War, by its very nature, breaks things. Cities, highways, societies, hearts, limbs and lives.

The dispatches that make up this series are puzzle pieces to a story about a sabotaged country and the people fighting for its sovereignty. During my roughly 1,000-mile trek, much of it along the unforgiving landscape of the southern and eastern frontlines, I sought to make sense of the barbarity of war. Sometimes these fragments fit together, but mostly they did not.

Related Photo Essay: Repurposed for War

My assignment was to document humanitarian supply runs to specific units near the frontlines. We moved fast. Sometimes making a drop and then leaving for safety reasons; other times, soldiers didn’t want to be filmed or photographed. Often, I would have a mere handful of minutes to speak to someone, such as the American frontline medic who left the ongoing battle of Avdiivka to personally pick up tourniquets because the ones she was getting were low quality and would break, causing the injured to bleed out and die.

In a war zone, obstacles are frequent and unpredictable, introducing risk to seemingly normal events. On the very first morning while traveling toward the frontline in Donbas, my driver and supply runner throughout the assignment, a U.S. Marine veteran from California who goes by his military codename “Owl,” expressed a candid and, appropriately enough, owlish sentiment that set the tone for the rest of my travels. “Anyone who says they know what they are doing in a war zone is fooling themselves,” he said, “Everything here is freshly crazy.”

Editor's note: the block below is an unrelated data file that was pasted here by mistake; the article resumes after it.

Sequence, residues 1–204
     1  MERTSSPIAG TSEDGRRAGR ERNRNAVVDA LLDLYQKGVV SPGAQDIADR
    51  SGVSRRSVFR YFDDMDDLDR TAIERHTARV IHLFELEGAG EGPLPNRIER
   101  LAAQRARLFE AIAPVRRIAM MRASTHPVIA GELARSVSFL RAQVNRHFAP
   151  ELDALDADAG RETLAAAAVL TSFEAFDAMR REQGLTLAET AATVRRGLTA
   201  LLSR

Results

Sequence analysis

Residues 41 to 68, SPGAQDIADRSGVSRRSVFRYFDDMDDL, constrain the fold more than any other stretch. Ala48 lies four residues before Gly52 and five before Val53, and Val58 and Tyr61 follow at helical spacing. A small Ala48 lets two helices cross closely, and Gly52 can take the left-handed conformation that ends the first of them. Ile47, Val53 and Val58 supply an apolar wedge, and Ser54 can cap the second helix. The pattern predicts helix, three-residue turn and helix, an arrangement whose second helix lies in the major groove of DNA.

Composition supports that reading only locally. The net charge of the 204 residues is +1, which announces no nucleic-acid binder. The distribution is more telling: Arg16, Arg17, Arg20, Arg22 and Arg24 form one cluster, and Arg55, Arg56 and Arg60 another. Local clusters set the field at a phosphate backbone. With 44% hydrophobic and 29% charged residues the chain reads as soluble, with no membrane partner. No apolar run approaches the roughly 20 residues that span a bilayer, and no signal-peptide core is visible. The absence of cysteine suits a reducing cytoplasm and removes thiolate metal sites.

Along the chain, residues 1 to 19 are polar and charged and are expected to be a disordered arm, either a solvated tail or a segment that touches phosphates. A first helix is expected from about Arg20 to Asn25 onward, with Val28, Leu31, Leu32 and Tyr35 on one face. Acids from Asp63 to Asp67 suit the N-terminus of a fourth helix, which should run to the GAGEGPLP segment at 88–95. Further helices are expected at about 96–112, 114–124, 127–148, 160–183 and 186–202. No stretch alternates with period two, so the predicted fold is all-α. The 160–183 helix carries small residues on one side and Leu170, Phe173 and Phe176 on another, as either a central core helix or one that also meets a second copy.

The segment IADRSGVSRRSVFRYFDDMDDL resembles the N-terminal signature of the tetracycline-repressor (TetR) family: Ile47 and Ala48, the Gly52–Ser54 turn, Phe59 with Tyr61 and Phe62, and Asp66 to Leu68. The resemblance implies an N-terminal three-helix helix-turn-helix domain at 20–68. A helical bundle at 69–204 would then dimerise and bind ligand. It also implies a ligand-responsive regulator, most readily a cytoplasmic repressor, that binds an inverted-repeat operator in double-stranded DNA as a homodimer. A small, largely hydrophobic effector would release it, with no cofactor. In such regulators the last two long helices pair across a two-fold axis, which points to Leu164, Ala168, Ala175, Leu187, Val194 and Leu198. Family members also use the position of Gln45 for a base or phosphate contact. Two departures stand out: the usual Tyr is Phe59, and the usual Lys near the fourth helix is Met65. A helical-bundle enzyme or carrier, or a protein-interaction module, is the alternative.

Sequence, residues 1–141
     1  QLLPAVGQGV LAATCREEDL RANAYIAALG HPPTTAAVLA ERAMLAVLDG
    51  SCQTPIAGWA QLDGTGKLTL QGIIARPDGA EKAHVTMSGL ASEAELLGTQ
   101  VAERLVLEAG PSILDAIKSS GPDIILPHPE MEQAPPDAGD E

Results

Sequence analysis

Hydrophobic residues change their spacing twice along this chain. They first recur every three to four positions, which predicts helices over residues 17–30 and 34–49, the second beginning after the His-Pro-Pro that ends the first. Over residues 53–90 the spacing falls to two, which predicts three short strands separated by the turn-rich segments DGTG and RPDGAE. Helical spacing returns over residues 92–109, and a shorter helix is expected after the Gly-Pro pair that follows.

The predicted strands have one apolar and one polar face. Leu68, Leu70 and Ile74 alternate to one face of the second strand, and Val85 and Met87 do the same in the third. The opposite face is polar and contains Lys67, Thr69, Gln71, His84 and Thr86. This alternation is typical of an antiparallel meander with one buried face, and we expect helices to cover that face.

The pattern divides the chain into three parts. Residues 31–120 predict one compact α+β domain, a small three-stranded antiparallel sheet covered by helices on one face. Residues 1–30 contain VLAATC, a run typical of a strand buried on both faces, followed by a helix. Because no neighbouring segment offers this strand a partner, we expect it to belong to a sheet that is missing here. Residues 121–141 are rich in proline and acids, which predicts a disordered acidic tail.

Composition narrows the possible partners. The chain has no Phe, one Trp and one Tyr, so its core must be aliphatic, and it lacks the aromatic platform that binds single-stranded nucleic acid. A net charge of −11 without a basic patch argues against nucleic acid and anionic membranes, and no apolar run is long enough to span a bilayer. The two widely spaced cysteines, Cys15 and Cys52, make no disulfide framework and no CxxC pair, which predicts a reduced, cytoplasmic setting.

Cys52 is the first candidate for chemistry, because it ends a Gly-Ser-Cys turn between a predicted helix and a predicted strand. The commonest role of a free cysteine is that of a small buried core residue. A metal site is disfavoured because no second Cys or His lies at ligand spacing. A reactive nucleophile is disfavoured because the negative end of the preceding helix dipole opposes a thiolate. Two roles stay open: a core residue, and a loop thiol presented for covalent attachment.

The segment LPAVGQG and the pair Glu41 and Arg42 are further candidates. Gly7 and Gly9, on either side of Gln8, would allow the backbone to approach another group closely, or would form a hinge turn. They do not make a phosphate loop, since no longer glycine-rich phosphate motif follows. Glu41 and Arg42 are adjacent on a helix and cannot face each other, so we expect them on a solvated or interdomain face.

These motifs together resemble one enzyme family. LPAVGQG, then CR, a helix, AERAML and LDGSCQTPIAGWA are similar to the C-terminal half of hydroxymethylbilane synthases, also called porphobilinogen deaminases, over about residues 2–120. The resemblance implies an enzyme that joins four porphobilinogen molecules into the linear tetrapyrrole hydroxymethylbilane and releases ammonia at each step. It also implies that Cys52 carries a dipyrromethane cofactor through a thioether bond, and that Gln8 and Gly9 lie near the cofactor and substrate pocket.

He was right. Air raid sirens whine unpredictably, roads are mined, traffic signage is deliberately redacted to confuse the invading Russian forces, overhead drones conduct surveillance and track cellphones, checkpoints refuse access to the press. No money for gas, faulty equipment, a car breaks down (R.I.P. “War Horse,” our Hyundai Galloper).

Those featured in the documentary “Fragments of Ukraine: 5 Stories of the DIY Supply Chain” are, no doubt, committed to Ukraine’s independence and, in their own way, dedicated to helping save lives and ending the war.

“Anyone who says they know what they are doing in a war zone is fooling themselves.”

Some are Ukrainians who have put their lives on hold, like Sasha, a 26-year-old molecular biology graduate student, who spends her days amassing medical supplies for soldiers on the frontlines. There are foreigners, too, humanitarians and soldiers and medics. Some of them have picked up their lives in the U.S. or Canada or England and have moved to Ukraine. Why? I’m not sure they can even truly articulate the reason.

But each of them, to varying degrees, carries a gritty, ad hoc tenacity within them. Perhaps being in a war zone brings that out in people. I found it in many of those I have met during my three trips to cover the war. A common trait.

Each of the men and women interviewed here could be the subject of their own documentary. This film (and the stories in this series to follow) only scratches the surface of their struggles. I am indebted to each individual who granted me a glimpse into their fragment of Ukraine “where everything is freshly crazy.”

Watch Michael Nigro’s film documenting the DIY supply chain in Ukraine.
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